SINGAPORE - An Internet love-scam syndicate operating in Malaysia was crippled after a 41-year-old woman in Singapore fell victim to the ruse and lost about $28,000.
Singapore's Commercial Affairs Department (CAD) coordinated with its counterpart in Malaysia - the Commercial Crime Investigation Department (CCID) - to track down the suspects to an apartment in Selangor.
In a statement on Thursday (Sept 16), the Singapore Police Force (SPF) said the syndicate may be behind at least eight such scams, seven in Singapore involving $37,000 and one in Malaysia involving RM210,000 ($67,840).
The woman had reported on May 17 this year that she may have fallen victim to a suspected love scam, SPF said.
It happened after she met a man on Facebook in March this year who told her he was running an oil rig project in Ukraine.
He promised to marry her in Singapore once the project was completed.
In May, he asked her for a loan, claiming the machinery in the oil rig had malfunctioned but he was unable to access his bank account to buy new machinery to continue with the project.
She then transferred $12,000 to a Singapore bank account he provided.
The victim told another person she had befriended on Facebook about the incident and was told that she had been scammed.
The person promised to help her get her money back.
SPF said: "The victim was subsequently cheated into transferring another sum of about $16,000 to another two Singapore bank accounts provided by the second subject as a form of payment for the fund recovery services.
"The victim felt suspicious about the entire incident and decided to lodge a police report."
Investigations led to a crime syndicate based in Malaysia and on Tuesday, Malaysian police raided an apartment in Selangor and arrested a 22-year-old Nigerian man.
They seized multiple laptops and mobile phones as well as Singapore ATM, debit and credit cards.
Meanwhile in Singapore, the police arrested a 66-year-old woman in connection with the case.
They also launched an investigation into the alleged money laundering activities of three other women aged between 31 and 62.
SPF said investigations against the four women are ongoing.
If found guilty of acquiring or transferring criminal benefits, the women could face up to 10 years in prison and/or a fine of up to $500,000.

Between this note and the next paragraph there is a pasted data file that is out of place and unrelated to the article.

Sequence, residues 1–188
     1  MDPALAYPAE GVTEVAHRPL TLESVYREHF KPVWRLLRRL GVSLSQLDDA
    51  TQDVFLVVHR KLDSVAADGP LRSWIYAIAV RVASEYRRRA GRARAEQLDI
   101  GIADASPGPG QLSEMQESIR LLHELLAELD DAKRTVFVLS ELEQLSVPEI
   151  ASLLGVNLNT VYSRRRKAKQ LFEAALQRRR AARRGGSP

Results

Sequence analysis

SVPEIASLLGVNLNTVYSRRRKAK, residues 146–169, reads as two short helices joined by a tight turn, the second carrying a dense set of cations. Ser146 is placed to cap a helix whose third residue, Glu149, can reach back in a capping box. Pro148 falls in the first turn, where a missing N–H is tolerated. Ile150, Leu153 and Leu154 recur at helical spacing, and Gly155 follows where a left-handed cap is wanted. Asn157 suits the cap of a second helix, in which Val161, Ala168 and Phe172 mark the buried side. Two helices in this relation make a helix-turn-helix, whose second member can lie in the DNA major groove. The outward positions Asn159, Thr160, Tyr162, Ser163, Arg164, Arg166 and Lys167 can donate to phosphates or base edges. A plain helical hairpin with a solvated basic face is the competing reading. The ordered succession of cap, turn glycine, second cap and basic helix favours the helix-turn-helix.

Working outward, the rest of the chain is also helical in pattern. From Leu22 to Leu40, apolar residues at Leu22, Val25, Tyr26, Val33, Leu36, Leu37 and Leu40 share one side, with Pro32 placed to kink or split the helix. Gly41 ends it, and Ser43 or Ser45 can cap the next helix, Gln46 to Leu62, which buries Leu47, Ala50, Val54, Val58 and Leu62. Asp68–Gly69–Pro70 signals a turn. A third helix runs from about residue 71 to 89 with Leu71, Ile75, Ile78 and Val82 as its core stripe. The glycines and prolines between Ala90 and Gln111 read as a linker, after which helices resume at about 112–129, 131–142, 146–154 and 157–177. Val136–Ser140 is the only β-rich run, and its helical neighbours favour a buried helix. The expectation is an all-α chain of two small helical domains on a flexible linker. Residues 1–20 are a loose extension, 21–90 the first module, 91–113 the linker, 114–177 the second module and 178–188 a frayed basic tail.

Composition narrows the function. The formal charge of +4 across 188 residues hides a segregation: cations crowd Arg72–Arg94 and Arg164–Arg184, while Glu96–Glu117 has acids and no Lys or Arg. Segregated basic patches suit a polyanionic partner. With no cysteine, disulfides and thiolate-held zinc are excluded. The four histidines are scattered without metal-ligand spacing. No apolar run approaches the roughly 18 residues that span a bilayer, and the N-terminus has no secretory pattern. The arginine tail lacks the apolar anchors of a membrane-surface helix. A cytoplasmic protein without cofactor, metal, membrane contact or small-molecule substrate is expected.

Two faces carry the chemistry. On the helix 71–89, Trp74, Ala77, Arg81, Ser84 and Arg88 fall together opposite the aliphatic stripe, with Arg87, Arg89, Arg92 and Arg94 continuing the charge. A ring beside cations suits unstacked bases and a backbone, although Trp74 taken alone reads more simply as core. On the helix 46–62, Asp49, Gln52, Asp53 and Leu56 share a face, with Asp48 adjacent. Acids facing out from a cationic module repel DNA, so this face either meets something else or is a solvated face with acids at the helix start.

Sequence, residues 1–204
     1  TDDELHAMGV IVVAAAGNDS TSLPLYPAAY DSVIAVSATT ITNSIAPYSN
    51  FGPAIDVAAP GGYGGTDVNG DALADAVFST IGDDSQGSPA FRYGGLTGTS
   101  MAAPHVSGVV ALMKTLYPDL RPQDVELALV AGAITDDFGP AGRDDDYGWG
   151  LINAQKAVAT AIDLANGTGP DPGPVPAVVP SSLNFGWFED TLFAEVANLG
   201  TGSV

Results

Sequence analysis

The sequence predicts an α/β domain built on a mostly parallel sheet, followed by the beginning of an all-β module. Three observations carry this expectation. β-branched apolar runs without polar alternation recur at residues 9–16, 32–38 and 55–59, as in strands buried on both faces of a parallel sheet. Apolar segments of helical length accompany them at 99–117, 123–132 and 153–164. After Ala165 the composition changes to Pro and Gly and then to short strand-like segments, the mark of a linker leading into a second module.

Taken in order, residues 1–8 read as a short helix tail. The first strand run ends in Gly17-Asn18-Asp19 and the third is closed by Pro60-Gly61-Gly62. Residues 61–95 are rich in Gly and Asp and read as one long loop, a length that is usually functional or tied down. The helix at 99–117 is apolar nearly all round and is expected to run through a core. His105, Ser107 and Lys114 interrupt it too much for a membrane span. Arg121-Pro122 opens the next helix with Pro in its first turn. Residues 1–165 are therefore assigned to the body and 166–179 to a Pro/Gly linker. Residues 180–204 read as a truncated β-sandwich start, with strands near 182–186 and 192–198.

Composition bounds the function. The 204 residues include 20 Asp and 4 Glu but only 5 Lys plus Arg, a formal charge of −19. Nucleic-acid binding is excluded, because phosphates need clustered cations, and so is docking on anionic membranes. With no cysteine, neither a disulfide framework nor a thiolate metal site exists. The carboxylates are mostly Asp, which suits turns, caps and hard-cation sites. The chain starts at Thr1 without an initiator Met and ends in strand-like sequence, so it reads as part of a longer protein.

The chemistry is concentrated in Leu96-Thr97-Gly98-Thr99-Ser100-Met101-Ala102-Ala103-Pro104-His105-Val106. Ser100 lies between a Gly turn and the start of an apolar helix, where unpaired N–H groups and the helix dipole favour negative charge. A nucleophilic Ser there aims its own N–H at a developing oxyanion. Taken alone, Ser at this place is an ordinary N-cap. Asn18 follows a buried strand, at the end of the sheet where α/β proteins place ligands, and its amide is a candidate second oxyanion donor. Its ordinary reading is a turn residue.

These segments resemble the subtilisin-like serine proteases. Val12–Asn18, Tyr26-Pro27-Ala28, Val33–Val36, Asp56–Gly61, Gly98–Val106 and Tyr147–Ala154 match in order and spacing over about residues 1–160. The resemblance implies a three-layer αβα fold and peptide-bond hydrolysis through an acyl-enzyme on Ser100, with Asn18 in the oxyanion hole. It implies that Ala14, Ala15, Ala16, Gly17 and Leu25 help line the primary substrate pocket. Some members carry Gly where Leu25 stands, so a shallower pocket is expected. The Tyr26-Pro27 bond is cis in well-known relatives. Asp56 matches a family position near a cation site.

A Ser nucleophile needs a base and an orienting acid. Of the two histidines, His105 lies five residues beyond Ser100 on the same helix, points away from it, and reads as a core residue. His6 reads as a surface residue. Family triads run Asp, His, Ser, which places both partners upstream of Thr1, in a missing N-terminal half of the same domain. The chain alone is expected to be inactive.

CAD director David Chew said: "We will continue to work closely with CCID to disrupt the activities of cross border Internet love-scam syndicates.
"These syndicates often make use of Singapore bank accounts to launder their illegal proceeds."
SPF said this is the second successful collaboration between the two agencies this year.
In June, eight people, including six Nigerians, were arrested across Malaysia and Singapore for their suspected involvement in a love-scam syndicate.
The syndicate was found after a woman in Singapore made a police report after falling victim to the scam, SPF said in a previous release in June.
She had been in an online relationship with a man for more than a year and he told her that he had sent her a package containing a handbag, shoes and other items.
She then began to receive phone calls from a Malaysian "delivery company" asking for money transfers.
SPF in their statement said members of the public should be careful when making friends with strangers online, and should also be wary when people ask them to send money to bank accounts they are not familiar with.
The police added that it is a serious offence to knowingly allow a bank account to be used for such offences.
For more information on scams, people can visit scamalert.sg or call the anti-scam hotline on 1800-722-6688.
Anyone with information on such scams can call 1800-255-0000 or submit it at the police website.